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Keywords:

  • culture;
  • human rights;
  • relativism;
  • states;
  • universalism;
  • Universal Declaration of Human Rights

Effective practice in a global world requires knowledge and understanding of diverse cultures. Most social workers around the world are committed to values and policies that enhance the well-being of especially vulnerable populations and that protect their human rights. However, not all cultural practices or policies place the same value on human rights and the protection of vulnerable populations, a situation that may result in conflicts for social workers, who have an ethical obligation to advocate for human rights as well as to be sensitive to their clients' cultural contexts. Based on multidisciplinary research and contemporary examples of gender discrimination, forced marriages, child labor, and female genital mutilation, this article proposes resolutions to this conflict. It concludes by suggesting practices and policies that might help social workers to strike an effective balance between cultural diversity and the promotion of human rights.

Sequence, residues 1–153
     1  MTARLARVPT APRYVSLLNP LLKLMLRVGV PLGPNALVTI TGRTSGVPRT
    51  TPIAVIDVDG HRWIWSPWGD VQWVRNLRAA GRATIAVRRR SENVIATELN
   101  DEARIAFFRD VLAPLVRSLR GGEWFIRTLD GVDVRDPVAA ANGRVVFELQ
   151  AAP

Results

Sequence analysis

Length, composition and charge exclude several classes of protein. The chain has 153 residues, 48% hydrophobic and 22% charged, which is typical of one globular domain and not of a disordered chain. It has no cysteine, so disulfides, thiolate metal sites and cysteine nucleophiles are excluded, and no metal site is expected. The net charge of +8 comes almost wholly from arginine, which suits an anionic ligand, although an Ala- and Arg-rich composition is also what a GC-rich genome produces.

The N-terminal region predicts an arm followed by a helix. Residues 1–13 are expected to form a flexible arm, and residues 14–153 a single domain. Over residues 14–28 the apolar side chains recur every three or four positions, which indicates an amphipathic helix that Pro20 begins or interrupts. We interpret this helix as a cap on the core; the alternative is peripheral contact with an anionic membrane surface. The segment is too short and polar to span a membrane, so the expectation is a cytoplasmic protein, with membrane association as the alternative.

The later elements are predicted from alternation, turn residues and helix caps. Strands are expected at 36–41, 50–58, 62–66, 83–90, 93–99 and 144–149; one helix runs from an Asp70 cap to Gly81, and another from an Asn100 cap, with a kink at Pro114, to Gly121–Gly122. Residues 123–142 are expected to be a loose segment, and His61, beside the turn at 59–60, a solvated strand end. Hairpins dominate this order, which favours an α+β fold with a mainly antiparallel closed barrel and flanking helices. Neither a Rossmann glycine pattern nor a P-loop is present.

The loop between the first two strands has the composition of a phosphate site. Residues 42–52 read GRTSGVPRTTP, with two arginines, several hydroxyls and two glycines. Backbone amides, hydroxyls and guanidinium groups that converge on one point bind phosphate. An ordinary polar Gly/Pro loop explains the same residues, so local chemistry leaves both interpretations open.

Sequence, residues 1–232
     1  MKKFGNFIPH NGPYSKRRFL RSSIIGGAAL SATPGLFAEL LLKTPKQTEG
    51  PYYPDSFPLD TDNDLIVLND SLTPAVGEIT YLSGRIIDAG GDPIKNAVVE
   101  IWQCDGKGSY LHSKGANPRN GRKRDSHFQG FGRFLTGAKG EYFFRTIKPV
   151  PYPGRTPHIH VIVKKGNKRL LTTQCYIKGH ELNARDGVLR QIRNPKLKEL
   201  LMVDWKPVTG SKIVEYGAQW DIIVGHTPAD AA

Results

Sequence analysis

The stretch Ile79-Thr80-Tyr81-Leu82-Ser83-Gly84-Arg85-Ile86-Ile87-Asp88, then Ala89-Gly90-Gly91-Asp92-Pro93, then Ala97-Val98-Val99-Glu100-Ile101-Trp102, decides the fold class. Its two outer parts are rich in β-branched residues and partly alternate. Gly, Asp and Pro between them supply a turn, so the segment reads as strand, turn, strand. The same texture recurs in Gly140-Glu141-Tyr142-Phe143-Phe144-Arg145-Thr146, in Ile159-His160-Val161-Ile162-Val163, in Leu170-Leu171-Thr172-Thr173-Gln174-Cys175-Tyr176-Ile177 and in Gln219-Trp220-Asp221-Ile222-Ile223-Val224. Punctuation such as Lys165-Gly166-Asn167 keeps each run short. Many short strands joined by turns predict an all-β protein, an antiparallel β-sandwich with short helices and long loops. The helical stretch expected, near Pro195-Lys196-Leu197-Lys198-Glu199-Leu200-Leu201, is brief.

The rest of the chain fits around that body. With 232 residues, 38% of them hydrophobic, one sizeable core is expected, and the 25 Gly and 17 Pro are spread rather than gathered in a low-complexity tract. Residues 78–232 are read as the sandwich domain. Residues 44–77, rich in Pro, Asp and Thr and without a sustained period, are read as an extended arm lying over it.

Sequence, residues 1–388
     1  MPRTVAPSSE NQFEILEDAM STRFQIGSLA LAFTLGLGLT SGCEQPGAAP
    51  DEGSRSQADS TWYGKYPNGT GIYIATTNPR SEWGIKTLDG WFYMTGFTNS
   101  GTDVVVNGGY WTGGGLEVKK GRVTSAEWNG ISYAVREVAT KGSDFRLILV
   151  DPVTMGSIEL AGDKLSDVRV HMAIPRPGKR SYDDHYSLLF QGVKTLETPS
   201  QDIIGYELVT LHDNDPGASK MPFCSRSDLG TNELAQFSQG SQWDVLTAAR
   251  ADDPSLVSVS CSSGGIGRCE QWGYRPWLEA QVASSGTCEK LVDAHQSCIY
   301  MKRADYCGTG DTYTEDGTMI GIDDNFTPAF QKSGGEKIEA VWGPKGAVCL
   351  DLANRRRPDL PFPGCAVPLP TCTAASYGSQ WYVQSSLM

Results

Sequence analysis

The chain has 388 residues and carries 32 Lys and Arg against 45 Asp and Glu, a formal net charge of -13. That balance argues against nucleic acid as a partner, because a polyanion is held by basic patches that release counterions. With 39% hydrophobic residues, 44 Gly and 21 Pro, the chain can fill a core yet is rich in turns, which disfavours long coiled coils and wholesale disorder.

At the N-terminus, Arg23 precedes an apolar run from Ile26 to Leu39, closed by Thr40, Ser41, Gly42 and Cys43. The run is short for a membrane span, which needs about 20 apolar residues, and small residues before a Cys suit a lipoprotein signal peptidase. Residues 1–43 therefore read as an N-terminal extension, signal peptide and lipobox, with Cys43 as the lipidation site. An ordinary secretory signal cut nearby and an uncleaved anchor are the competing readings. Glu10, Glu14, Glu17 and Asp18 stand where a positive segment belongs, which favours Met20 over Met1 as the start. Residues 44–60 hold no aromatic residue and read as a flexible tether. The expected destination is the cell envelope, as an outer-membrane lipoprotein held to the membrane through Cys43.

Key Practitioner Message: ● Social workers are best placed to understand individuals and communities within their various cultural contexts; ● Social work practice and policy should be sensitive to cultural practices that may undermine human rights and the well-being of vulnerable populations; ● Guided by professional values and ethics, social workers can assume the roles of educator and advocate in enhancing the rights of individuals.